Neuromancer – William Gibson

Neuromancer - William Gibson
Neuromancer – William Gibson
Kindle Edition | Paperback

Being a huge Sci-Fi/Fantasy reader I though it about time I should catch up on the classic reads of my genres so this was a starting point for my new quest.

Neuromancer by William Gibson, is the book that started the ‘Cyberpunk‘ genre and opened up many new ideas within the Sci-Fi world. It was ground breaking in many ways with the first mentions of things such as ‘Cyberspace’ and ‘Virtual Reality’, influencing many other books and movies, such as The Matrix and Inception.

From the book

The Matrix: a world within a world, a graphic representation of the databanks of every computer in the human system; a consensual hallucination experienced daily by billions of legitimate users in the Sprawl alone. And by Case, computer cowboy, until his nervous system is grievously maimed by a client he double crossed.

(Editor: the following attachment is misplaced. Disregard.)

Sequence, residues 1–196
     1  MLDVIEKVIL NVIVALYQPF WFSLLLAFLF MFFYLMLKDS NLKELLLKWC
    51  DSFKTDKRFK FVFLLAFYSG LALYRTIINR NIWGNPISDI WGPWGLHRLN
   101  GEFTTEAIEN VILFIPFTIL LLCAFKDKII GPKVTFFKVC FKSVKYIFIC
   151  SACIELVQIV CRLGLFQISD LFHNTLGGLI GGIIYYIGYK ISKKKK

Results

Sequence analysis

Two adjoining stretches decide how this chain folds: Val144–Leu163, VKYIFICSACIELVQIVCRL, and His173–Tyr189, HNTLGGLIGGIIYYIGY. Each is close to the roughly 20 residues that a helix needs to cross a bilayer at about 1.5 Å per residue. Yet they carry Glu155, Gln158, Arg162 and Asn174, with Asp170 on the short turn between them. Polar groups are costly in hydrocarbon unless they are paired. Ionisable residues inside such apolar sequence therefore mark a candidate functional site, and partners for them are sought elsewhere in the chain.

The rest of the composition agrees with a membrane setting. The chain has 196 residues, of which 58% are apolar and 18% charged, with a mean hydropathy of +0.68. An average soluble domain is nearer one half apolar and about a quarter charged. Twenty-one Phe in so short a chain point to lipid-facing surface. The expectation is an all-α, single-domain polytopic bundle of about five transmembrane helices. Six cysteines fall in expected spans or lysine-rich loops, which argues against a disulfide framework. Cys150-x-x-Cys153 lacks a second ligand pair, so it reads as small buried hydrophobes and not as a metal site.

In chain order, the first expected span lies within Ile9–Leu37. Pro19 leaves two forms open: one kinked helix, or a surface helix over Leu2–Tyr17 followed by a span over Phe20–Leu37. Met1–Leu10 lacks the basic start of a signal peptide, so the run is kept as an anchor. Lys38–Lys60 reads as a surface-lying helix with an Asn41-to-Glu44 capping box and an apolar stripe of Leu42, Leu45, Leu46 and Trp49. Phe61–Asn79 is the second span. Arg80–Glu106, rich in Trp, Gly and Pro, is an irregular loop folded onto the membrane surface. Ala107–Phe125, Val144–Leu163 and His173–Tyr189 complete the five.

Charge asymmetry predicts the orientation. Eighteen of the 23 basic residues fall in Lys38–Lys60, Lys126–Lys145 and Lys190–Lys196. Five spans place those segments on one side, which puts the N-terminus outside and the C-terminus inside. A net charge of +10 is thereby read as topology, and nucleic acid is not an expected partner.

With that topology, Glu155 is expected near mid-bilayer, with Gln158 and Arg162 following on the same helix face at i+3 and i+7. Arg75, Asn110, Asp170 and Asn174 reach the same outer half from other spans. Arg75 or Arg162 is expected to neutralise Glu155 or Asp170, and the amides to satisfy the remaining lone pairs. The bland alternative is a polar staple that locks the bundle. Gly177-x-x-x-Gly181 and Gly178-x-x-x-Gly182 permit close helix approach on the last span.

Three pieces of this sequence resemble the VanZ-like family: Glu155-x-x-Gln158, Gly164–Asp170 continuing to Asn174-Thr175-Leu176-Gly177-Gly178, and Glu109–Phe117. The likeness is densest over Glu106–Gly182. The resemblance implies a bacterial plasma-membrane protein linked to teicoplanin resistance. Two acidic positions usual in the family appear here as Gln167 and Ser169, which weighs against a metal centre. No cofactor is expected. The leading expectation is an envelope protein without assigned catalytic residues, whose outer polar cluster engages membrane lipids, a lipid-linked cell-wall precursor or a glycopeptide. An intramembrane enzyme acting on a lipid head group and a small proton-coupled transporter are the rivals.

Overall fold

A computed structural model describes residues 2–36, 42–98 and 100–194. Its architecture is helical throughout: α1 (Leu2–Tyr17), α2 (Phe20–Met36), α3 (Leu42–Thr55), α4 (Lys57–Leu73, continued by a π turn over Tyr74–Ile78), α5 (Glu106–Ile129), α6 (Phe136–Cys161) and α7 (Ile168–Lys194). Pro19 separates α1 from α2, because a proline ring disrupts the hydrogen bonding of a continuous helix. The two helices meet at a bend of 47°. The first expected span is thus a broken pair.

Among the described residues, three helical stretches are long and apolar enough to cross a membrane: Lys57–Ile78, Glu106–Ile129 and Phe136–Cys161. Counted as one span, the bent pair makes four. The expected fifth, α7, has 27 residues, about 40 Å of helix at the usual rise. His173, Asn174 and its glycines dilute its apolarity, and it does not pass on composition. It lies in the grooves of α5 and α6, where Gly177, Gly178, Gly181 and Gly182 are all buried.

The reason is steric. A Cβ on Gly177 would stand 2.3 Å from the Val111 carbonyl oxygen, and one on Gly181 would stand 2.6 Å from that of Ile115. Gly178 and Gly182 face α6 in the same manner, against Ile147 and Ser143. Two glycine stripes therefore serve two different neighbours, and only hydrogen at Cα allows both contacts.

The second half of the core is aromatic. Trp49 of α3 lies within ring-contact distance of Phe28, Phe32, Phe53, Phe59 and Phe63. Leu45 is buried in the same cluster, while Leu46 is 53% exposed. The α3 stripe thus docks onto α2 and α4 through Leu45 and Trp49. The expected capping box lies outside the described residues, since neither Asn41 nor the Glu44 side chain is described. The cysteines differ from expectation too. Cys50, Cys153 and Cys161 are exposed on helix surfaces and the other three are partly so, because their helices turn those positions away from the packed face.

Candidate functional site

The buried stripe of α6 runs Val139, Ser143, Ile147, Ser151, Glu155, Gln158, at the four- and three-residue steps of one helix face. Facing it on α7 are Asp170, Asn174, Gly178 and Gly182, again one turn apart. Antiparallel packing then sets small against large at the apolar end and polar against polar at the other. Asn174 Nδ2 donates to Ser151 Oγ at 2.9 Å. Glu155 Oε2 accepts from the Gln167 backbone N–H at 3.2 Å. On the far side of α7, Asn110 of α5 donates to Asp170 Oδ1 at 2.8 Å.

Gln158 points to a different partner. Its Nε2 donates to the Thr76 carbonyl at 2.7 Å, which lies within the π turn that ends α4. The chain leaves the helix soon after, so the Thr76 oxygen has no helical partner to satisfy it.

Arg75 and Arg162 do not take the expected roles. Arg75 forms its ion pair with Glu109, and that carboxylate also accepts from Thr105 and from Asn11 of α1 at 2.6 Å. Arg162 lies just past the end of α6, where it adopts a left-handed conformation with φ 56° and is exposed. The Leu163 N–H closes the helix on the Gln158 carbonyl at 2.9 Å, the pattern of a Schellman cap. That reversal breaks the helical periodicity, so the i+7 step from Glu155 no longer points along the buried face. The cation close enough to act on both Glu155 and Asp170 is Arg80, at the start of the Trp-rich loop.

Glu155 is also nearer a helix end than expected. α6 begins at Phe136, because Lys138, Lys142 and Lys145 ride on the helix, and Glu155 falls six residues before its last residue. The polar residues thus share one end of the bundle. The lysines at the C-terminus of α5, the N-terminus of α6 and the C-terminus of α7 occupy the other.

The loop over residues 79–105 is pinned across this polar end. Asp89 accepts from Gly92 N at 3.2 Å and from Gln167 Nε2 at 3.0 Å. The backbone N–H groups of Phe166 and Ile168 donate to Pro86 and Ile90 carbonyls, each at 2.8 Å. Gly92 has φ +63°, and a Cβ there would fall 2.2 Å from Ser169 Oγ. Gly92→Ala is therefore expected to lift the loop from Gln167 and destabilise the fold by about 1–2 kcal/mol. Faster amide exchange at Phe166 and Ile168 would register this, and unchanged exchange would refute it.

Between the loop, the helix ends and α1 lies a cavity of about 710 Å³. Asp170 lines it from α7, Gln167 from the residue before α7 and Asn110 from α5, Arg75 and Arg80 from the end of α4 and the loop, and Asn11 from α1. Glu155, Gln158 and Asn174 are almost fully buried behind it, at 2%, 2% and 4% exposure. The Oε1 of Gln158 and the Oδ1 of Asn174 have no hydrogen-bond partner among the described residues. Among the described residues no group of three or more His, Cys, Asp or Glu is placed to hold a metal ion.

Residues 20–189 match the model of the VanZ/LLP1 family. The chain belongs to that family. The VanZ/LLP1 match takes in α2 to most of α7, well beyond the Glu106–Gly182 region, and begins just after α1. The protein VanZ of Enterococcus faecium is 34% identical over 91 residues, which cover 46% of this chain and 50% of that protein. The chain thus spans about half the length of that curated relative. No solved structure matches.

Japanese experts in nerve splicing and microbionics have left him broken and close to death. But at last Case has found a cure. He’s going back into the system. Not for the bliss of cyberspace but to steal again, this time from the big boys, the almighty megacorps.

In return, should he survive, he will stay cured.


Case, a futuristic geek, manages to get his nervous system seriously damaged by an ex-client he double crossed gets the offer of a life time ~ to be cured, but only if he does one last job for the mega-corporations.


With many references to drug-use, surgical ‘enhancements’ and a thriving criminal underclass, this book places itself in the same realms of Blade Runner (words that usually sends tingles down any Sci-Fi fans spine – cut to long discussions of people’s favourite bits).

There is a conspicuous film noir feeling as you progress through the book, meeting some interesting characters, a femme-fatale love interest, and some intriguing locations; You can almost smell the dank streets as Case gets dragged deeper in to the plot.

The story does leave some questions though, apparently these are answered in the next instalments – Count Zero and Mona Lisa Overdrive.

I had some difficulty reading in some parts as the plot wanders a little in places, and the characters are not too well represented, but here’s a lot to really like in this book.

Overall I’d give it a 8/10.